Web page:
In the November rematch with Duran, Leonard did fight far more slickly and consequently he was winning. So much so that he even took to clowning in the ring, embarrassing Duran by doing things like winding up exaggeratedly or sticking his face out in invitation then slipping the punch. Then incredibly, in the eighth round, Duran turned away from Leonard and uttered the two most famous words in boxing history. Duran’s no mas meant he had quit in the ring, a huge no-no and an incalculable shock given the type of fighter Duran had been to that point, and Leonard was again the champ. No one knew exactly what had happened and that probably remains true today.

Elsewhere, the new Middleweight Champion of the World was Marvelous Marvin Hagler who two months earlier had gone to England to knock out their Alan Minter in the third round and become champ. With Leonard, Duran, Hearns, and to a lesser extent Hagler all over the boxing news, Benitez was in danger of becoming a decided afterthought.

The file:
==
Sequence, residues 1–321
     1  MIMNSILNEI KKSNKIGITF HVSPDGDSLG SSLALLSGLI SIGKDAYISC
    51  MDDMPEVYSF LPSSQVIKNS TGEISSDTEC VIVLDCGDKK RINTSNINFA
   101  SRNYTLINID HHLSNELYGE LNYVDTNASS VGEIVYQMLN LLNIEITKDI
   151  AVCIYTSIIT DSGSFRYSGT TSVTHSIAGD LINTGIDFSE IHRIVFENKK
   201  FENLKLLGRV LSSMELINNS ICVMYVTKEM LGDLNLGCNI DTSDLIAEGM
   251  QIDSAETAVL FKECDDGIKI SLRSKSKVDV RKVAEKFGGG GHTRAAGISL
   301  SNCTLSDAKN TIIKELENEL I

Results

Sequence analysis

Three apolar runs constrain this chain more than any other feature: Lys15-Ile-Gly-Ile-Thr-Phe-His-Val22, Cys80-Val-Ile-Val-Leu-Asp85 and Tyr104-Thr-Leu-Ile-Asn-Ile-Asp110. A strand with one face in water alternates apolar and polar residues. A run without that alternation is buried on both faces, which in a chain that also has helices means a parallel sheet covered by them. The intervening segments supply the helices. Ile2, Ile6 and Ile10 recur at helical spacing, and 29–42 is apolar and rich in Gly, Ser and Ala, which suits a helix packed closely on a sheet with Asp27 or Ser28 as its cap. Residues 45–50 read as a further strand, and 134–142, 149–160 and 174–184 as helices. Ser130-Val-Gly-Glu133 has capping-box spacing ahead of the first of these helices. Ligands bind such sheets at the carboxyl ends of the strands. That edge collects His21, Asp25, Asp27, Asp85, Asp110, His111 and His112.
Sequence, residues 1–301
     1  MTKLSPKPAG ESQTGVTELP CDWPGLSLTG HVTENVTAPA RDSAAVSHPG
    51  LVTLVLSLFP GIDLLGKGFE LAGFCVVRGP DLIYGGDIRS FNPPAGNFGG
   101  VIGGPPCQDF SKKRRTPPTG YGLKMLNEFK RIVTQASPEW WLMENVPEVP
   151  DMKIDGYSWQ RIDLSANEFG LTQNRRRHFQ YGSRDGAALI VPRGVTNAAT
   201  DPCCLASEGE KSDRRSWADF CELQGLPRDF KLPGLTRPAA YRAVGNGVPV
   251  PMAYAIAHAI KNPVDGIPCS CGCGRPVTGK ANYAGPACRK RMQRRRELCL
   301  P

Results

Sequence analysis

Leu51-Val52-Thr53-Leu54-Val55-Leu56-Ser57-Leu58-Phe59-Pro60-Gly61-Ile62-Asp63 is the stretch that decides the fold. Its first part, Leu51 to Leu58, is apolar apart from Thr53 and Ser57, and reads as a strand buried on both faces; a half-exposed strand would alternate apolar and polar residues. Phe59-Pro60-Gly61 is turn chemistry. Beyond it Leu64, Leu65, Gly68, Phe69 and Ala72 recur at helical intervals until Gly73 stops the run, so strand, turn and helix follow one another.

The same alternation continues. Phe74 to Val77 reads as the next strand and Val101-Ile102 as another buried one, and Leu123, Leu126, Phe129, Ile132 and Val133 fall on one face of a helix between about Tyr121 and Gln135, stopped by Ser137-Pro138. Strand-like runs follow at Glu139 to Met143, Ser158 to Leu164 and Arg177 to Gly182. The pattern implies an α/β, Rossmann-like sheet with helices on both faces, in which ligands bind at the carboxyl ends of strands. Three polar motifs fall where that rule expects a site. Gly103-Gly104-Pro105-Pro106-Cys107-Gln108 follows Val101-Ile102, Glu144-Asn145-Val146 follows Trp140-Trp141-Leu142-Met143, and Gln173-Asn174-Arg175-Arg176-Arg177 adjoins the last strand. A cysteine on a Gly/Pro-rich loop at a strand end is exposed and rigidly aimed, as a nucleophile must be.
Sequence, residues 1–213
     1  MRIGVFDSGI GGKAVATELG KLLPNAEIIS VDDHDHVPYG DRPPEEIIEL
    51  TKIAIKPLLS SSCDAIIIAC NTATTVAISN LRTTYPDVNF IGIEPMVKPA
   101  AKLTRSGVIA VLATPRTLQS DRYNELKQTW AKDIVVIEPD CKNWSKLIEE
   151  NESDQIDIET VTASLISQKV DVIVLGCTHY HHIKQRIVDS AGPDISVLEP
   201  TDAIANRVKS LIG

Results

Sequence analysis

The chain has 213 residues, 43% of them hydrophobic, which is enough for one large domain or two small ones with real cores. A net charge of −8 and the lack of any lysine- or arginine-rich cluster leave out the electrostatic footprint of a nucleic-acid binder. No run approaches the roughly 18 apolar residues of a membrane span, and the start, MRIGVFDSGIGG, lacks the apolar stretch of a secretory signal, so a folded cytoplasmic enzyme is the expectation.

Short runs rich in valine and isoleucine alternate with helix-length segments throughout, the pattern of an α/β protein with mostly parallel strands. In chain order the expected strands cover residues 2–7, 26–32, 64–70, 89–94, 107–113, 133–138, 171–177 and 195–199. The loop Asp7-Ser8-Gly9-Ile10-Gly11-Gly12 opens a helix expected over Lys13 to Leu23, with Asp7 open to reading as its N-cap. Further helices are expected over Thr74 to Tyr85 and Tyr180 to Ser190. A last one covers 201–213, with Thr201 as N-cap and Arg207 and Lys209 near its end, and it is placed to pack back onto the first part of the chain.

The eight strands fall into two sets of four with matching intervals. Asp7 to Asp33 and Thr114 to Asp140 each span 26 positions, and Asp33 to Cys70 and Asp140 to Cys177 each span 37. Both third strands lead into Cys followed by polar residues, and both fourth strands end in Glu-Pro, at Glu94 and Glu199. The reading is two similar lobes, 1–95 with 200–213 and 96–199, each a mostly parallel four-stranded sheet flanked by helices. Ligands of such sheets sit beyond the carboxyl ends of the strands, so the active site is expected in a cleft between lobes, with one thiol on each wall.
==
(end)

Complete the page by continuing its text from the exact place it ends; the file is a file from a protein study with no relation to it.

Although not in the class of those fighters, Maurice Hope was the Junior Middleweight Champion. Hope agreed to defend his title against Benitez on May 23, 1981 in Las Vegas. Benitez would be attempting to secure his third world title in as many weight classes; an achievement that had been substantially devalued by the proliferation of weight classes and world titles but one that would nonetheless represent a significant fistic claim that none of his contemporaries could make. (Perhaps not for long, however, as Alexis Arguello would be attempting the same thing a mere month later when he would challenge Jim Wa for the Lightweight Championship.) Hope was a nice fighter with a stiff jab that was one of Boxing’s best and an awkward southpaw style but this was still Wilfred Benitez. Benitez dominated Hope from the start putting on a truly beautiful performance. Maurice Hope, it turns out, had none because he possessed nowhere near the quickness or speed of Leonard and so, with Wilfred’s defense as tight as ever, was unable to land even isolated clean punches let alone put multiple punches together. This was Benitez as the brilliant boxer who looked like he had been born and would die in a ring. He won every round, occasionally fighting as a southpaw and often backing Hope up with vicious combinations and dropping him in the tenth with a straight right. Then in the twelfth, as Hope retreated into a corner, Benitez feinted with his left, shifted his weight perfectly, then threw probably the best punch he would ever throw, an overhand right that landed flush and completely eviscerated Hope. Hope lay perfectly flat on the canvas and if they didn’t have to close the arena that night he might still be there. Benitez was the new Junior Middleweight Champion and he joined Henry Armstrong and Bob Fitzsimmons as one of only three triple crown champions in boxing history. Benitez left the ring to celebrate, the hangers-on literally doing just that. Maurice Hope went to the hospital. He was released the next day and less than four hours later got married in Vegas’s We’ve Only Just Begun wedding chapel. In the wedding pictures Hope doesn’t smile because Benitez has knocked two of his teeth out.